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The Stress-Cortisol-Insulin Connection

In summary, we learned that our body is well-equipped to handle stress through different channels as described here but it is designed to deal with it on a short and rare unexpected conditions. Not as the way modern day urban living dictates, a continuous cyclical set of low- to mid-range stresses one after another 24X7. The long term stressful lifestyle can and will lead to strenuous adrenaline-insulin-hormone imbalances with very undesirable health consequences.

To help us handle stress, adrenaline affects a variety of different parts of our body function. For example, it functions as a hormone (a well known fact) as described in our last blog, and as a neurotransmitter in the brain (not so well known). Our body produces adrenaline in large quantity in possible two scenarios – under physical stress or mental/emotional stress. That is why stress can be real or perceived (not real). But in effect, both of them causes the same effect of adrenaline release in our body.

Besides adrenaline and noradrenaline hormones, there is yet another hormone secreted by the adrenal gland (albeit by its external cortex section) that is also designed for helping us to deal with stress. Its name is cortisol. Unlike adrenaline which is activated directly by the instant electrical communication through the neurons, cortisol is activated biochemically by the pituitary gland which in turn is activated biochemically by the hypothalamus gland. Our body have cortisol receptors in just about every cell. As a result, cortisol has a wide range of impact when we go under stress.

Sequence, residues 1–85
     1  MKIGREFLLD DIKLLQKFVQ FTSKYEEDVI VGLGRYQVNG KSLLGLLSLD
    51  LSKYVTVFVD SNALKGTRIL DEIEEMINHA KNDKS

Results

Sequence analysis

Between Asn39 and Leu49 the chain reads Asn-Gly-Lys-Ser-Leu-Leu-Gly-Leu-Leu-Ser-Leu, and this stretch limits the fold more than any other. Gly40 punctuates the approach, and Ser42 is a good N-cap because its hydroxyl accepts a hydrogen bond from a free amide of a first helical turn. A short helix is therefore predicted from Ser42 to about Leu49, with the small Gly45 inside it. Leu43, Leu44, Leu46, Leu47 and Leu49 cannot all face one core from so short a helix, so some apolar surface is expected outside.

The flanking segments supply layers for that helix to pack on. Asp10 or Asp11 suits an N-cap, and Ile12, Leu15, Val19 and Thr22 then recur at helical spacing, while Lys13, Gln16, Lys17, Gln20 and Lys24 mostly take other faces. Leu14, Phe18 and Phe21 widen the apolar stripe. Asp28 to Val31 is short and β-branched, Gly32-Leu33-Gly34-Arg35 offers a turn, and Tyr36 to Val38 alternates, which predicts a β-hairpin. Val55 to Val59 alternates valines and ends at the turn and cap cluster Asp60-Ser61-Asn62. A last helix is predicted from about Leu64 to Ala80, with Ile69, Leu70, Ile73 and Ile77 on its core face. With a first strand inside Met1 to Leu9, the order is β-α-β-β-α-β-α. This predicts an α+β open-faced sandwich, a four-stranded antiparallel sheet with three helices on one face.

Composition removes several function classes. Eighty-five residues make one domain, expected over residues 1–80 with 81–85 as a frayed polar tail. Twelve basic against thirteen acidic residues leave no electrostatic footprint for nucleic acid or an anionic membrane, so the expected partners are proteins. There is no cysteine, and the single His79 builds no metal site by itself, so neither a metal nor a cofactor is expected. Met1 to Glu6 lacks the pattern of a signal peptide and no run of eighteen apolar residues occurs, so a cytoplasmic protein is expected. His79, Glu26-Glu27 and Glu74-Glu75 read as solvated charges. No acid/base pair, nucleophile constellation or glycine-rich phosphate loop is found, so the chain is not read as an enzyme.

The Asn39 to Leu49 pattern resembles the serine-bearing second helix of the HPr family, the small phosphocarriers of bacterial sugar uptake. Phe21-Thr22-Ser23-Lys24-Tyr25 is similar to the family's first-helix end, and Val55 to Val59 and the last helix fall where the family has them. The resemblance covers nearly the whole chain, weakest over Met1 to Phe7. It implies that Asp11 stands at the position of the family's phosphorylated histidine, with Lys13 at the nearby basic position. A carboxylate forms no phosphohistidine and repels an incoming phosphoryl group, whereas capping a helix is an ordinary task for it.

The mechanism responsible for triggering cortisol release when our body determines there is insufficient amount of glucose in our blood to sustain brain functions (glucose is our brain’s main source of energy). The brain under the duress of lack of glucose, will call on the body to produce sugar from stored protein in our muscles through a metabolic process called gluconeogenesis, a process mediated by cortisol. It’s been stipulated that cortisol is also involved in the glycogenolysis process, which converts glycogen stored in the liver into sugar.

Our brain uses more sugar than any other tissue in our body. When sugar level falls, our brain “falls to sleep”. We get shaky, fainty, and bitchy – pardon my French (just trying to get the sentiment across. Besides they rhyme). Medically this is called hypoglycemia. Clearly it is a stressful situation for our body. From survival point, our body is designed to do everything and anything to supply the brain with proper amount of fuel. Cortisol and adrenaline hormones are its agent to initiate the fastest action to tap into the reserves to accomplishing that goal.

The most likely thing we do when we reach a low glycemic level in our blood is to reach for the high-sugar high-calorie foods. When that becomes our every mid-afternoon habit, we have created a craving event that will stimulate the production of insulin to send the glucose from our blood stream into muscle and fat cells on a regular basis. If we do not immediately utilized that energy surge by means of exercise or a burn off event, we build up fatty tissues in the belly area as our new energy storage units. And gain weight!

The excess amount of insulin needed to handle the excess sugar can cause a periodic low sugar level in the blood as well. Which triggers our stress hormones to start it up again to convert more sugar from the protein and other sources. Rounds and rounds of this can go on throughout the day causing a health condition dubbed syndrome X or metabolic syndrome. The interplay between the adrenaline/cortisol and sugar/insulin is a key factor in diabetes, syndrome X, hypertension, unexplained weight gain, hyperglycemia, and a whole array of other modern day illnesses.